iEDM: Definitely looking forward to that. That's incredible. Your Resonance set was killer. You guys always kill it when you return to Ohio. Do you guys ever miss living there?

Anthony: Yeah. I mean you go there in the summer and you smell the smells and you see the places and if I get the chance I'll try to go and see my favorite places in the woods and see- my folks still there. A lot of my friends still live there. It definitely pulls on the heart strings. Yeah, it really is a unique place, nowhere else like it in the deep mid West, as I'm sure you two are familiar with. 

iEDM: Absolutely.

Mike: Yeah, I definitely miss my whole family. All my siblings and my parents are in Cincinnati. I miss living there because the city is, I feel like the cities where we grew up are a lot cooler now. Cincinnati is so much better now than when I grew up there. I'm saying wow, what happened, this city is so cool. Asheville, because Asheville is the coolest city ever, but it's really awesome coming home now. Like, you guys have come a long way and I do miss the energy, the mid west energy that you're always used to. And what's funny is being a touring band, all we do is run into people from Ohio, Indiana, like all over the whole country. You're just drawn to familiar energy.

Anthony: Ohio's huge exporting- like I'm sure you guys are familiar, with being from Indiana, you see all those people, the humble, good home grown people in all these other places. Their wonderful energy and their nice demeanor. And you see them everywhere. It's awesome. 

iEDM: And I remember the Earth Night parties, I would go. I wouldn't miss those. That was like, the one party in Ohio that I one hundred percent would not miss.

Anthony: Yeah it was a good time. 

iEDM: If you could collab with any band out there, who would you collab with?

Anthony: I'm really getting into King Gizzard and the Wizard Lizards.

Mike: Oh, that was my favorite show the entire year. 

iEDM: Where'd you see them?

Anthony: Nashville, my friend got us in, because tickets sold out.

Mike: Yeah, it sold out in like five minutes- and now they're like literally headlining shows all over the world.

Anthony: They found a new sound. It's hard to explain, it's so good.

iEDM: You guys are always on the grind. There's always something next. What are you guys preparing for? Where are you headed to? What's next for you?

Anthony: Shit man, I think we're like, musically what's next, it's been on the tip of tongues, I think where we're at right now is how do we- what is the next thing we're bringing to the table, you know what I mean? There's kind of a hodge podge of ideas and a big mushy cloud of ideas that we haven't like washed off to distill the gems out yet.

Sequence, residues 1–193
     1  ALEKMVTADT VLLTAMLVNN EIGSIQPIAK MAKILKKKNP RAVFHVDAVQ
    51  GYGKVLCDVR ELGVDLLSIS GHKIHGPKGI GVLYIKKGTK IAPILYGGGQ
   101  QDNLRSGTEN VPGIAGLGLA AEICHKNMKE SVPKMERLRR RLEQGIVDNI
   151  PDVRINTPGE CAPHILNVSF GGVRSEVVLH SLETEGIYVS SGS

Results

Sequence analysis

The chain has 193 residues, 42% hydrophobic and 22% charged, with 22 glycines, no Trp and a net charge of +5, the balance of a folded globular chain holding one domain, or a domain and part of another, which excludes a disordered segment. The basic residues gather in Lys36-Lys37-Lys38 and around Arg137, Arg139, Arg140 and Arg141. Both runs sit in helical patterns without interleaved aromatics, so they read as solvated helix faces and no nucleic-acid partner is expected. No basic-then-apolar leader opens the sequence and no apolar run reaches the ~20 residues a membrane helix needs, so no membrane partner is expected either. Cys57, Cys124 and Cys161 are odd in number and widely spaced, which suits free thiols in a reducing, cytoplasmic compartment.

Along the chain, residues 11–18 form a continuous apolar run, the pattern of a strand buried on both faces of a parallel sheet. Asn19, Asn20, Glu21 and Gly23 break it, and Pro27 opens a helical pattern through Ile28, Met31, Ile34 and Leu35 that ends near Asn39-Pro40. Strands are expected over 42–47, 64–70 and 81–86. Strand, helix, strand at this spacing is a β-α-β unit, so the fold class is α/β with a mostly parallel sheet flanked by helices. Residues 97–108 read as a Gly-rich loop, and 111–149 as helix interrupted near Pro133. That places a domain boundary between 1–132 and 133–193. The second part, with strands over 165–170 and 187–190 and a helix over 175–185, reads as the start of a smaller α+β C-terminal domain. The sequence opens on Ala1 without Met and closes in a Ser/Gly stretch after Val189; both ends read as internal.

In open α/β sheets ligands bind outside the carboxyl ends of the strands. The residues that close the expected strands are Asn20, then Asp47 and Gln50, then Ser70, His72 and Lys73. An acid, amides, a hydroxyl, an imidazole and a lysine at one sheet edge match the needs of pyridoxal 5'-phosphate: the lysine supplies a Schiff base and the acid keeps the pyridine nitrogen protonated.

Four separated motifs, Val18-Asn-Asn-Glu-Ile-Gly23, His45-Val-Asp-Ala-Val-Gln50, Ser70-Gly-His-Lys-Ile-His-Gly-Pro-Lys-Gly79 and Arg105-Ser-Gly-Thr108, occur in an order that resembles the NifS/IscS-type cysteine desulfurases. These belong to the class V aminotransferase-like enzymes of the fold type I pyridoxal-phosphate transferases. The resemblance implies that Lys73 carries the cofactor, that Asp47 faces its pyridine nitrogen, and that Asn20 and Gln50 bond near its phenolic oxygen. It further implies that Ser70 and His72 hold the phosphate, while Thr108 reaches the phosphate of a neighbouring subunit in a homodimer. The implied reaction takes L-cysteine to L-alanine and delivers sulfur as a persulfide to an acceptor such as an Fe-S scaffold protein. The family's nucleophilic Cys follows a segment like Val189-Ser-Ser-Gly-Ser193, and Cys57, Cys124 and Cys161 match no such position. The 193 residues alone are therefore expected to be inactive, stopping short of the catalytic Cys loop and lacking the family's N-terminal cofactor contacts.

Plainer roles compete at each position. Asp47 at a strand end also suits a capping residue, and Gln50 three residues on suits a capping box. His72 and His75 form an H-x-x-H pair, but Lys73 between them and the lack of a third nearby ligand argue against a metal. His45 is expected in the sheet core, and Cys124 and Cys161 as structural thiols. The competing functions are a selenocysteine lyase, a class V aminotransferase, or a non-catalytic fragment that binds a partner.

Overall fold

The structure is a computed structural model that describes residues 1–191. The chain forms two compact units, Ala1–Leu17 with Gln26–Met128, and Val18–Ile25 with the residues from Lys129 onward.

Mike: There are different kinds of ideas, for sure.

Anthony: We have some fun ideas. None of them are developed enough to like speak to them because you are catching us in the direct center of this tour.

Mike: We're just trying to do it and get home.

Anthony: Stay healthy.

Mike: Refresh, think about what we're doing. Take a little bit of time off. And then we have lots of really fun plans for winter and spring, but whether that's what we do, we'll just have to get our heads right and ready for all that.

Anthony: Yeah, trying and chisel it out.

Mike: Yeah. There's always new music on the horizon every couple of years. So that's never going to need an end. We have to keep on.

 

Thank you Anthony and Mike for your time and we are counting down for NYE! You can follow Papadosio on SoundCloud HERE

 

Festival Season is winding down and the holiday season is approaching! Check out Gifts Ideas For Your Favorite Raver and the iEDM Holiday Gift Guide HERE

 


Banner Photo by @keithagriner

about the writer

Lacy Bursick

Lacy Bursick

Read More...Lacy Bursick is a Colorado resident who enjoys traveling, hula hooping and hiking with her dog.

She grew up in the Midwest and became passionate for the music scene doing concert photography and reviews while in college at Ball State University.

Her favorite festivals are Electric Forest and Hulaween because of all the interactive art and variety in music.

She loves everything from jam bands, deep house, to dubstep. You can find her at a Bassnectar show dancing with her friends.